After nearly three years in development, the May debut of Tasmanian startup company's StratoKey security tool has been rewarded with a finalist berth in upcoming awards from security giant RSA and the opportunity for the founders to present to a massive audience of regional security-industry figures.
Just four finalists in the RSA Conference 'Most Innovative Company' awards will be given the honour, representing innovative security technologies from around the region at the upcoming RSA Conference Asia Pacific & Japan 2014.
StratoKey sits as a gateway server between company networks and cloud information-storage servers, selectively encrypting data before it's stored in the cloud service. Encryption keys can be revoked with a moment's notice from a control console, helping companies quickly respond to protect their data if a suspected compromise is detected.
“Every organisation that we speak to has concerns about security in the cloud and security with any sort of hosted data,” CEO Anthony Scotney told CSO Australia. “Organisations might be using cloud services, but they don't have any way to pull the plug on a moment's notice if there is some critical security event.”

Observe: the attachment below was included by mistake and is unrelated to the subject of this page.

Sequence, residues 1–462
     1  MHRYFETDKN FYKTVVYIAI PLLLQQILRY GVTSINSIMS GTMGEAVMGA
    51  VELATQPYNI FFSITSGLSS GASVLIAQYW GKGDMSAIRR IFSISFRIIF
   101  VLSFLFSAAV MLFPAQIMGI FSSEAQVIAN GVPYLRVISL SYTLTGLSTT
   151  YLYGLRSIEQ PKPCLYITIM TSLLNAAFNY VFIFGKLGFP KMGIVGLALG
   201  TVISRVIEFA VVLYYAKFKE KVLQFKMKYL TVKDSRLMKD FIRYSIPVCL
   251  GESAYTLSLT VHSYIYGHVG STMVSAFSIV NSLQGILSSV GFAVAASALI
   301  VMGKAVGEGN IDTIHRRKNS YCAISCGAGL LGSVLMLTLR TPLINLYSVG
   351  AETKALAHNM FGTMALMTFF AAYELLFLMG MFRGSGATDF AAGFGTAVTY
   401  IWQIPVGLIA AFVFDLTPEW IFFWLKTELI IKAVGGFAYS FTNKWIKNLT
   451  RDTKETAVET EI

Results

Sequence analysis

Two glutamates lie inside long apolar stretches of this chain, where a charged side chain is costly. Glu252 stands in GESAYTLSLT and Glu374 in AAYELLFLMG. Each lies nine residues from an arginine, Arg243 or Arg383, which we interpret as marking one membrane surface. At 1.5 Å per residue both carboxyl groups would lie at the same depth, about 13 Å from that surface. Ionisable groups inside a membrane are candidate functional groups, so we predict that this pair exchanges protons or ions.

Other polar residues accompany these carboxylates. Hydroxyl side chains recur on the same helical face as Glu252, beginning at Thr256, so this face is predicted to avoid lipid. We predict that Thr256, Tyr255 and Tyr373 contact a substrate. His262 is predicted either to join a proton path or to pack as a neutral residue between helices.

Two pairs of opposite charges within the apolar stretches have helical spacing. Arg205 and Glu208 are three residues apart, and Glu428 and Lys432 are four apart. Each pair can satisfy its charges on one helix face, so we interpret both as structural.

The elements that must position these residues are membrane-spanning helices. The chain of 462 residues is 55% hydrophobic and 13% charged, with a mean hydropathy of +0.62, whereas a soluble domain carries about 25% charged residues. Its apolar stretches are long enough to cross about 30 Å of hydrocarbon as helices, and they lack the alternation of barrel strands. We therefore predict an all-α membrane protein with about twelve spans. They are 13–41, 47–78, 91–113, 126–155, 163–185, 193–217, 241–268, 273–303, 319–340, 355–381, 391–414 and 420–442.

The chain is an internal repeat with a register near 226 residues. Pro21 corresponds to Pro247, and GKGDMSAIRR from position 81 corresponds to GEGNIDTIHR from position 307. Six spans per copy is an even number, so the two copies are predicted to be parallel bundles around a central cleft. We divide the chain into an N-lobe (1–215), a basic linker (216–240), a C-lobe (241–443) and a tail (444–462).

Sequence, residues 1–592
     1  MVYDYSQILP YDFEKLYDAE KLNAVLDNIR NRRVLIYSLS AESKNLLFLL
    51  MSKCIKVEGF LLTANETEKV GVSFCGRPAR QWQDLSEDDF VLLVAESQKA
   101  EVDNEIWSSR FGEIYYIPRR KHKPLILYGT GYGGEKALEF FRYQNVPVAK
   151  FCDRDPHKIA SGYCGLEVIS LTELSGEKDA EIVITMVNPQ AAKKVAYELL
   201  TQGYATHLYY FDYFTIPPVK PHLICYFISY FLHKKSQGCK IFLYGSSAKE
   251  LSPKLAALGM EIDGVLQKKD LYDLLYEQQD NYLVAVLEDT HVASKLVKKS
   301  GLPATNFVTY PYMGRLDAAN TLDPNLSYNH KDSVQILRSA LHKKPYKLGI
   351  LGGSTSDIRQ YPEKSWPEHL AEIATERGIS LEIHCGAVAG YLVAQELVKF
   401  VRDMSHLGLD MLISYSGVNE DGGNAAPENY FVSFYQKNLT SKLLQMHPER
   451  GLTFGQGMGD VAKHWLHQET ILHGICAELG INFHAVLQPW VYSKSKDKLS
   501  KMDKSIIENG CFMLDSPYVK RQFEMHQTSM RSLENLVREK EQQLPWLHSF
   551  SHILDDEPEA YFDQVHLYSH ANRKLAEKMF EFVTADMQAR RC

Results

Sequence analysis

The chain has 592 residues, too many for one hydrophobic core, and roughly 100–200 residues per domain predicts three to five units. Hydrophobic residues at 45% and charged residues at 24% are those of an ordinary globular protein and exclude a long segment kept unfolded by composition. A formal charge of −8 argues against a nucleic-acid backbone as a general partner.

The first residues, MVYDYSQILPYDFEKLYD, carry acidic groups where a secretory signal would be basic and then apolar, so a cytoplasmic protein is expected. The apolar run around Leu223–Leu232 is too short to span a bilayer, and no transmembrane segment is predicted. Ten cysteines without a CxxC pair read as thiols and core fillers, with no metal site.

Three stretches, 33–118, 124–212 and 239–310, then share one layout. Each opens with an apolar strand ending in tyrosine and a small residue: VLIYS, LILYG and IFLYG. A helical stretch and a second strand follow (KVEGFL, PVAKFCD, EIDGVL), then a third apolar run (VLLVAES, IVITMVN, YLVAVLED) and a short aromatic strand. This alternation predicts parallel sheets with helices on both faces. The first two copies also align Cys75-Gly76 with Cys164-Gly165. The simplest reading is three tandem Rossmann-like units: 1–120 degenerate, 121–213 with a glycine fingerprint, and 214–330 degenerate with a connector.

StratoKey can mix and match encryption types based on the kind of data being managed – allowing, for example, specifically structured data fields to be encrypted in a relatively simple way while body data is given the full 256-bit treatment through a variety of encryption algorithms.
Behind the scenes, “a bunch of hard-core analytics” is run on in-memory data to pick out security trends and anomalies from processed data. The platform is designed to monitor normal user behaviour and pick out anomalies, taking advantage of its position as a gateway to combine the encryption/decryption of cloud data with another level of security alerting.
“We're pairing data-level encryption with big-data analytics,” Scotney said. “It collects a tonne of data, and it's this pairing of the two that makes it so powerful. When you pair them with countermeasures, you have quite a compelling solution that really can stop data breaches and doesn't require masses of manual intervention.”
The opportunity to present at the RSA event is a great coup for the company because “as a small company it can be hard to get the word out there”, Scotney said, adding that the company is looking to add implementation partners as well as selling the technology to end users. The education and utilities sectors have been big early adopters of the solution.
“Data breaches are happening frequently and most of them are entirely preventable using technology like this,” he said. “It's frustrating seeing them happen when they are entirely preventable with the right technologies.”